Gun control debate heats up after mass shootings

Data pix.

Mass shootings over the weekend in both Dayton, Ohio and El Paso, Texas have re-sparked the gun control debate across the nation and in Oklahoma.

Part of the local debate concerns the new constitutional carry law that goes into effect in November.

Don Spencer with the Second Amendment Association said the shootings only highlight the need for constitutional carry.

“Constitutional carry will actually help because it’s possible there may be someone inside that may be able to peacefully, legally stop or put some pressure on them,” Spencer told News 4, “to stop the carnage that’s taking place.”

On the other side, Cacky Poarch said Mothers Demanding Action said more guns will only make the problem worse.

Poarch said the shootings are just another example of how the laws need to change and they need to change now.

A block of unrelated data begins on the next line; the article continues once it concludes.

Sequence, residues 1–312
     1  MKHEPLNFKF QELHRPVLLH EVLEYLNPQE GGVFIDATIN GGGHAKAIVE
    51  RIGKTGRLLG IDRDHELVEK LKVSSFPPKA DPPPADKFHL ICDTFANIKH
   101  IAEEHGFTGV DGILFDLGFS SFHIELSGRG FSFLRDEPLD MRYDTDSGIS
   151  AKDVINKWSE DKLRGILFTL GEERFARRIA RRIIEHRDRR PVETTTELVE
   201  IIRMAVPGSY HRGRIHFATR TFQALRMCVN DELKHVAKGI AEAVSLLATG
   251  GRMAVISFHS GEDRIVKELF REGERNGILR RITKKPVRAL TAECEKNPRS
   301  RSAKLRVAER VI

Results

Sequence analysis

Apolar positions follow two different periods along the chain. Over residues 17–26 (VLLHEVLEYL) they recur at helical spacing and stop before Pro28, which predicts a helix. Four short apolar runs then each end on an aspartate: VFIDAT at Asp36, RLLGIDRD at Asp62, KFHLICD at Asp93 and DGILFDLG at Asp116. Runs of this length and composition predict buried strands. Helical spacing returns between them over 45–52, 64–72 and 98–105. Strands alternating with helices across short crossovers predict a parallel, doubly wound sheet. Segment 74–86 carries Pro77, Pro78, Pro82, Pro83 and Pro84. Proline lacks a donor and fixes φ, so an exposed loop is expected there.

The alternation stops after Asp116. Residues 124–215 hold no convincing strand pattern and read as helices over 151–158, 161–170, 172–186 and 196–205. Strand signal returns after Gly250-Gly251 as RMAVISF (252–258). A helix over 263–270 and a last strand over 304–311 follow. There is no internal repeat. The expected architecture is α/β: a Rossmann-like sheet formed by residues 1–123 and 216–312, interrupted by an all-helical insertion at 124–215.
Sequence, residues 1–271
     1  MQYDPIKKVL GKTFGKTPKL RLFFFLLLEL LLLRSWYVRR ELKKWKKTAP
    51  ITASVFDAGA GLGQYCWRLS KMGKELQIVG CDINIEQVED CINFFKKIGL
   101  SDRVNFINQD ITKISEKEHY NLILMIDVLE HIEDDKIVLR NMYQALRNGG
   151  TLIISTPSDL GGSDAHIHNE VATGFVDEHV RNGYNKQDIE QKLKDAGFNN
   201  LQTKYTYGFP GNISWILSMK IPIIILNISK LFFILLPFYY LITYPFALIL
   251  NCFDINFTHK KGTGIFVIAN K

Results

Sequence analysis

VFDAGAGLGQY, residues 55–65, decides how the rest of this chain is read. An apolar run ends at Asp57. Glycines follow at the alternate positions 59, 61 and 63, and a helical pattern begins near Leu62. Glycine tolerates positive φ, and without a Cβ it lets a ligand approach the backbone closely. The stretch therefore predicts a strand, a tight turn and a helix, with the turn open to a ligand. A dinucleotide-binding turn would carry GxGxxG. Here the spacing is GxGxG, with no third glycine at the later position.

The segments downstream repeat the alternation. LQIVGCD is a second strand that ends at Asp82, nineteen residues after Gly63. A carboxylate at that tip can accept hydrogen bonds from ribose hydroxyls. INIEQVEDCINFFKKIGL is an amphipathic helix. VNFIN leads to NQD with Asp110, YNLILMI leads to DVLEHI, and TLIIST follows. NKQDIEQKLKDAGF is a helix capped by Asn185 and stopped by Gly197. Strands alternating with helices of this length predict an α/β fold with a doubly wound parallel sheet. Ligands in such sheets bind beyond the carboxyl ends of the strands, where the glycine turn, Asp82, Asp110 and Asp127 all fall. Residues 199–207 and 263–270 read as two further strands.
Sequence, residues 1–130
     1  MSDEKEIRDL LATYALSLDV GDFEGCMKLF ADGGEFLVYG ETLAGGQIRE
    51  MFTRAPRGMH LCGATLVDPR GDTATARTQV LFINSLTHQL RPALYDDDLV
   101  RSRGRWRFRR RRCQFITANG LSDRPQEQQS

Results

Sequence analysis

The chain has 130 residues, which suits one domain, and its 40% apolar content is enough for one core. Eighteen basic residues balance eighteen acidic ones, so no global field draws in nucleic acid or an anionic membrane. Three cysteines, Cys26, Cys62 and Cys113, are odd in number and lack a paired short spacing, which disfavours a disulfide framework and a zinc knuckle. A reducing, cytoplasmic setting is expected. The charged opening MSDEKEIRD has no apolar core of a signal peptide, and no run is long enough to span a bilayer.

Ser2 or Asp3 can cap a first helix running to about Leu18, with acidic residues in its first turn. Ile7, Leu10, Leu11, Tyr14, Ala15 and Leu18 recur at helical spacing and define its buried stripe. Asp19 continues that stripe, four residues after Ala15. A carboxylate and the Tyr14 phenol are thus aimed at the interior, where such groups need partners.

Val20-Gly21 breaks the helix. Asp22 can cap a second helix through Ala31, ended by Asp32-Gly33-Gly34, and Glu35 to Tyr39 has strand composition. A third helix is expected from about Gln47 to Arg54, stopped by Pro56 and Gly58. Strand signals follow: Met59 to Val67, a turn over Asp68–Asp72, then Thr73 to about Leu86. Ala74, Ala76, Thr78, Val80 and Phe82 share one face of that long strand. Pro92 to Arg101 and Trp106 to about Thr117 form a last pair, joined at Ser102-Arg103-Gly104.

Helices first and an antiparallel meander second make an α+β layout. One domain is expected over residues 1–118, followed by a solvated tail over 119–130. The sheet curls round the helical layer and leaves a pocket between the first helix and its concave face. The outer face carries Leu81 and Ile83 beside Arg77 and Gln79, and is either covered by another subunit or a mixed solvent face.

“The thought that the only thing that can stop a bad guy with a gun is a good guy with a gun is completely false. Accidents happen when firearms are around,” Poarch said. “In order for us to be safe, actually for us to prevent gun violence, we need to pass sensible gun reform.”

The one thing both sides can agree on is the mass shootings over the weekend are a tragedy and they shouldn’t have happened.

“It’s a terrible thing that the youth keeps thinking this is a way they need to act out and solve a problem,” Spencer said. “It does not solve anything other than create tragedy for everyone.”

Mothers Demand Action hopes people stay angry about the recent shootings and do everything they can to promote change and that starts with contacting elected officials.

“I think citizens need to engage in their local government. Not only local government, but they need to contact their senators and their legislatures on the federal level,” Poarch told News 4. “Background checks has passed through the US house, now the senate needs to do their job and they need to pass it as well.”

The new constitutional carry law in Oklahoma officially goes into effect November 1.

Notice: you are using an outdated browser. Microsoft does not recommend using IE as your default browser. Some features on this website, like video and images, might not work properly. For the best experience, please upgrade your browser.